The importance of change is required in the education system but it is occurring at a slow rate. New teachers are entering the workforce and bringing along their native citizenship of technology and its demands.

Digital natives think very differently if they are compared with their ancestral generation and there is explicit evidence to prove this. When they are being taught in the classroom, they have trendy new demands for the process by which their learning takes place. Personally I think this is not a negative of school, in fact, it shows teachers should consider changing the way lessons are organized by implementing ICT into their lessons but not to the entire lesson itself. In addition, ICT should not be implemented throughout daily lessons but where it has a requirement such as in research, group work and presentations.

In my opinion, I recognize Prensky’s view. As teachers, we need to move forward and adapt the new skills that the digital revolution is bringing towards us and prepare for the upcoming students for their changing education system. If teachers do not adapt the new technology, they will certainly be left behind in the rapid progression of technology in the teaching workforce. However, teachers should not rely totally on technology as their main material in the classroom. Technology has certainly taken rapid progress but fighting and keeping up with it is a loosing battle.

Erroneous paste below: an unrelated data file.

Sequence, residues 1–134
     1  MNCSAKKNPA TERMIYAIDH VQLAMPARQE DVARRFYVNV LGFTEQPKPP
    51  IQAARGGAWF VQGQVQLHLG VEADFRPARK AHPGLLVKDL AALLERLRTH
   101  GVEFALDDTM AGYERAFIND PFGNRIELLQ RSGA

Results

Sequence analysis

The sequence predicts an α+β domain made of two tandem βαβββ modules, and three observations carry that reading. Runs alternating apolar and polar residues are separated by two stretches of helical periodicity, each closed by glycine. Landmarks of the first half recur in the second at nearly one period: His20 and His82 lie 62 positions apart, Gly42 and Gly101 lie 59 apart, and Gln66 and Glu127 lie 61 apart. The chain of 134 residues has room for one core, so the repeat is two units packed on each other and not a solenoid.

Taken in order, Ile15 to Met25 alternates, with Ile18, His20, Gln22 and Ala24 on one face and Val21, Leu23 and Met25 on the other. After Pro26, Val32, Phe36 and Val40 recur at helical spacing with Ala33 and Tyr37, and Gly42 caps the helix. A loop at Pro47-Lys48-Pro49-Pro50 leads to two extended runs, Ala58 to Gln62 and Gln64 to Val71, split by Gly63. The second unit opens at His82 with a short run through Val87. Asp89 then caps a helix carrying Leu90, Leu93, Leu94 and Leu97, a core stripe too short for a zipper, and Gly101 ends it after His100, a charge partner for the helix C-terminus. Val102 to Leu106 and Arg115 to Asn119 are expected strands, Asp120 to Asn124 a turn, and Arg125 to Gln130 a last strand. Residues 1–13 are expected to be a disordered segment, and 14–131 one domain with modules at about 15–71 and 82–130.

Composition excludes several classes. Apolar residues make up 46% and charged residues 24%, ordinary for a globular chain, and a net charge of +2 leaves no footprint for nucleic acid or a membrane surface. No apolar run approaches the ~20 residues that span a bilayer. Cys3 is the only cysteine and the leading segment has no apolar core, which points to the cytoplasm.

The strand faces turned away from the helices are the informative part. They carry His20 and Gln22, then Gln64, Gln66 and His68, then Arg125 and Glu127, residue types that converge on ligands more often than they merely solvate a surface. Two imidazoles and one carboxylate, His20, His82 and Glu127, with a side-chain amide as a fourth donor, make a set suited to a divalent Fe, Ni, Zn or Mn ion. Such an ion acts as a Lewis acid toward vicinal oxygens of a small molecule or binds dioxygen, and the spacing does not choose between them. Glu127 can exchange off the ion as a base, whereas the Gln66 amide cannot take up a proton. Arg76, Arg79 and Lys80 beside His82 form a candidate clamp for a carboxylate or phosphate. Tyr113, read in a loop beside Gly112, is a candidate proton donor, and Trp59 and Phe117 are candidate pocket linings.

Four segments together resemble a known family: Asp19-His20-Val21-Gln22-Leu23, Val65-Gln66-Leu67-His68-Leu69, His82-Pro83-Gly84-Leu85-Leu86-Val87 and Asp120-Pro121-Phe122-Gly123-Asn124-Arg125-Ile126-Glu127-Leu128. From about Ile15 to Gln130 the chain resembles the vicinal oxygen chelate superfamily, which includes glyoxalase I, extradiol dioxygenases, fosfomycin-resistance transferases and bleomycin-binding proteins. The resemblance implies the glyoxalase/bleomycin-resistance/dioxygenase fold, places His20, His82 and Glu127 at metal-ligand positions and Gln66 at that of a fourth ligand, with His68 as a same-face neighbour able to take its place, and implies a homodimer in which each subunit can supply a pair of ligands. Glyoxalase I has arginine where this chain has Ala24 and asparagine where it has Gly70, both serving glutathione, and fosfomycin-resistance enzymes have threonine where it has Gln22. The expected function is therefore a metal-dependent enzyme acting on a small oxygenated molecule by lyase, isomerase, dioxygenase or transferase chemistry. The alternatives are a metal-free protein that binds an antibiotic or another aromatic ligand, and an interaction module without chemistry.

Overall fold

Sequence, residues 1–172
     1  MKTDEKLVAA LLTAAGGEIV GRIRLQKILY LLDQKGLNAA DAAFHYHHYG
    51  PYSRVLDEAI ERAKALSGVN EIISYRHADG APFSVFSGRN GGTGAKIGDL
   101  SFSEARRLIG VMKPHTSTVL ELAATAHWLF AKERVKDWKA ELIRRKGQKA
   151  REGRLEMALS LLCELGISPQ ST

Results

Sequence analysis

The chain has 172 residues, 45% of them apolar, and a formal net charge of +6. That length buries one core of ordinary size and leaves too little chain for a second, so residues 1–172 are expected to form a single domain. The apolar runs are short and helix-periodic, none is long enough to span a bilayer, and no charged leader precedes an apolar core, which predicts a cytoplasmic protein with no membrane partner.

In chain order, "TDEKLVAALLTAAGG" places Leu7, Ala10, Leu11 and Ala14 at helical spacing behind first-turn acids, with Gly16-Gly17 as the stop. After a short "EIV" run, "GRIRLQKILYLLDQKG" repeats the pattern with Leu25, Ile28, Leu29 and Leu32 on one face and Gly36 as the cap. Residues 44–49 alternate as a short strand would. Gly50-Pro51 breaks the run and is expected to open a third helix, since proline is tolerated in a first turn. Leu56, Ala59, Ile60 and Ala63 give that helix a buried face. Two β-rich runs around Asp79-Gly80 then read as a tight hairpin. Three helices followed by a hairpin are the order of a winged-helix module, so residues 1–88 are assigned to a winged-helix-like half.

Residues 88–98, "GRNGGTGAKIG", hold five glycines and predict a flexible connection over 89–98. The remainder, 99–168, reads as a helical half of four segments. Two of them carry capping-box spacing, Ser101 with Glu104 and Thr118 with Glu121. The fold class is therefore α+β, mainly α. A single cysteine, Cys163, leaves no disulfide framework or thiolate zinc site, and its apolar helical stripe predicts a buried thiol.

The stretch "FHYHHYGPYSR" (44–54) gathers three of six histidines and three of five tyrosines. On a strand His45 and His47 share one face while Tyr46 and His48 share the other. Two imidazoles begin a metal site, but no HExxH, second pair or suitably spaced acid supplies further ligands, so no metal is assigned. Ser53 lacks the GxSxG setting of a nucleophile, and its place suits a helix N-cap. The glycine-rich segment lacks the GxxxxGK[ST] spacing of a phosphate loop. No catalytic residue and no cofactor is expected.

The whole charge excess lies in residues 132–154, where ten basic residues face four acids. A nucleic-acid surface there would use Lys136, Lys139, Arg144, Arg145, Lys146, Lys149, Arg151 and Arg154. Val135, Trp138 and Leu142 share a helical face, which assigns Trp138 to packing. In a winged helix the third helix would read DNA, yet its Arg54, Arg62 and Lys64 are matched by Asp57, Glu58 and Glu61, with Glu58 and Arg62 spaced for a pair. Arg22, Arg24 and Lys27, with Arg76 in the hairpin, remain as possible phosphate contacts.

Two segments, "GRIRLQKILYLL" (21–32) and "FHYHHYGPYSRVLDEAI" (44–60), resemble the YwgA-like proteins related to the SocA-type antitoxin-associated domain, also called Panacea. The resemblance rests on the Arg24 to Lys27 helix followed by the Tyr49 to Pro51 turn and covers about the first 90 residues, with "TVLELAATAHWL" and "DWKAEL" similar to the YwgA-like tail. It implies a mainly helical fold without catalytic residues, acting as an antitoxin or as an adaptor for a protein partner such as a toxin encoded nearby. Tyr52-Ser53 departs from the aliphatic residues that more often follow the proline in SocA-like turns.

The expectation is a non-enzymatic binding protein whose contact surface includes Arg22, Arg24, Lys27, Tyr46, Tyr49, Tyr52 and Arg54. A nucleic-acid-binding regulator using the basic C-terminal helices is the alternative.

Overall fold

Bennett, S., Maton, K., & Kervin, L. (2008) “The ‘digital natuves’ debate: A critical review of the evidence” in British Journal of Educational Technology, 39(5). doi: 10.1111/j.1467-8535.2007.0079.x

Prensky, M. (2001) “Digital Natives, Digital Immigrants” in On the Horizon, 9(4). MCB University Press.